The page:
Stories of teenage bullying have dominated the national news in recent months. Several teens have gone so far as to commit suicide in response to the physical, verbal and emotional taunting by their peers.
According to the Heroes and Dreams Foundation, a nonprofit center for parents, one in 10 students is bullied at least once a week, and one in three has experienced bullying as either a bully or a target during the average school term.
Teens who are targets of bullies may feel tense, anxious and afraid. Their self-esteem and performance in school may suffer and they may become withdrawn, depressed and insecure.
But experts say there are things fathers can do if they suspect their teens are being bullied.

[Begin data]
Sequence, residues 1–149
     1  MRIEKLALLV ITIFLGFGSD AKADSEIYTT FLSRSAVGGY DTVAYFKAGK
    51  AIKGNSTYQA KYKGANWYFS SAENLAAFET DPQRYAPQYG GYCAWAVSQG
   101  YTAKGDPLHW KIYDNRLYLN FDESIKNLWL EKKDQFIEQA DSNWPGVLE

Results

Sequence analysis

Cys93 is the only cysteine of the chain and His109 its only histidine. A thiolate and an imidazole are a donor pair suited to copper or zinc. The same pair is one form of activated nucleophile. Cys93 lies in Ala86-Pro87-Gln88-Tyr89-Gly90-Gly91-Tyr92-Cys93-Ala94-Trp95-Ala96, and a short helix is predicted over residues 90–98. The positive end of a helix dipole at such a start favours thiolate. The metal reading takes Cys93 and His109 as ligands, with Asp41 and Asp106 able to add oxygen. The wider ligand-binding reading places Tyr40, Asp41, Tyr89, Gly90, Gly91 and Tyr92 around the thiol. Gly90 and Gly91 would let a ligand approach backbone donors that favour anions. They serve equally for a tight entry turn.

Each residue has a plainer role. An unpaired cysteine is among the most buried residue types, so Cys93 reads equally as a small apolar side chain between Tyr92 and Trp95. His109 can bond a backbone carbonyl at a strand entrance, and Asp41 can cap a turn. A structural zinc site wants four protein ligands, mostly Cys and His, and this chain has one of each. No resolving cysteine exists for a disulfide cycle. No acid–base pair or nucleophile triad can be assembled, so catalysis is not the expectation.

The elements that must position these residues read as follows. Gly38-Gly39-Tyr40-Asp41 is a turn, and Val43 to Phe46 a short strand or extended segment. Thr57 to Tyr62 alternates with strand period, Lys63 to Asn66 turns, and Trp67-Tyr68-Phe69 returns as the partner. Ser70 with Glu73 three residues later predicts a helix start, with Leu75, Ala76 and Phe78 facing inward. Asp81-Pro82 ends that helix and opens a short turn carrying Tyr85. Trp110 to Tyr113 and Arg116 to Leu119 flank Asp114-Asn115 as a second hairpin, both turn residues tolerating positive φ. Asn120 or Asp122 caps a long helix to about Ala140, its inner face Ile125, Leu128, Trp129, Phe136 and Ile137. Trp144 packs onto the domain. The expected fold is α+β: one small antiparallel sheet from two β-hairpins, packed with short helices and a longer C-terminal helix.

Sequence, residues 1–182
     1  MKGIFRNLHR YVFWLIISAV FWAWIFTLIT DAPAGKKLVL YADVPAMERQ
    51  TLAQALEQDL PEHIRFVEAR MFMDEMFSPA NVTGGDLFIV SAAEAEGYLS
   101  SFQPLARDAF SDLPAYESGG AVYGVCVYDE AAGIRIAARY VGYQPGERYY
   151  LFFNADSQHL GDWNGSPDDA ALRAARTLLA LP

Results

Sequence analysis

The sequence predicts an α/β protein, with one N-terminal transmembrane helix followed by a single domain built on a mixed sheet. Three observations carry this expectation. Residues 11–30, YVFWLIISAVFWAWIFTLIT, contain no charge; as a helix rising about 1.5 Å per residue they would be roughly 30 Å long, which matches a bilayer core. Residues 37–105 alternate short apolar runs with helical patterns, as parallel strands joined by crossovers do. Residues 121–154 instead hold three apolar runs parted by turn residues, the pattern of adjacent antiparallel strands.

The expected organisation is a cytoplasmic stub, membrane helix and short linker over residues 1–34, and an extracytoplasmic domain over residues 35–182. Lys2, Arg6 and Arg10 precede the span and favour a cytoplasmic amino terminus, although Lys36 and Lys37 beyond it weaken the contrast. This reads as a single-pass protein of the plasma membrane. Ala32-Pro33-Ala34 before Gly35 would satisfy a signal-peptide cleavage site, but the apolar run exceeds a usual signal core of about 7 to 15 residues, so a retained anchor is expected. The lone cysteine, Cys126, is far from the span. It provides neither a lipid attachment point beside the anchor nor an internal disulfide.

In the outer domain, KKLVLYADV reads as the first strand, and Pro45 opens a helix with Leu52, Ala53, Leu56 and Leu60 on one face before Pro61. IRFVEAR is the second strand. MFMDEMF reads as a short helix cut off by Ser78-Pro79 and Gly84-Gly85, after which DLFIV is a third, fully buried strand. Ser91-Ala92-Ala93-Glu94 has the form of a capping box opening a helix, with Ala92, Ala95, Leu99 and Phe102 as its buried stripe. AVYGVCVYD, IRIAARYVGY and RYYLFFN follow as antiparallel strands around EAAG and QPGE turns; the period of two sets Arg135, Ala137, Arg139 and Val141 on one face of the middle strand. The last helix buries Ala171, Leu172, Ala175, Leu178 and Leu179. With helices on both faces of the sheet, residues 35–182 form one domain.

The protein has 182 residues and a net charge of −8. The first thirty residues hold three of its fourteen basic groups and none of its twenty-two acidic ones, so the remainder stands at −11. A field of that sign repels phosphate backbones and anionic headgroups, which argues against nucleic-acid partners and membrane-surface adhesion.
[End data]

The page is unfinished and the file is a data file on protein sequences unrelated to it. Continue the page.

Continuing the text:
Dads should watch for signs of bullying and make sure to keep the lines of communication open. Talking with teens and letting them know that they're not alone can be reassuring.
Reaching out to teachers and other school officials is often necessary in order to solve the problem as well.
In addition, fathers may encourage their kids to respond to their aggressors in an assertive, confident way. Teens who are physically bullied, however, may be coached to simply walk away from tense situations.
Fathers may also help their teens build self-confidence with physical activities, cultivating new friendships or speaking with a counselor.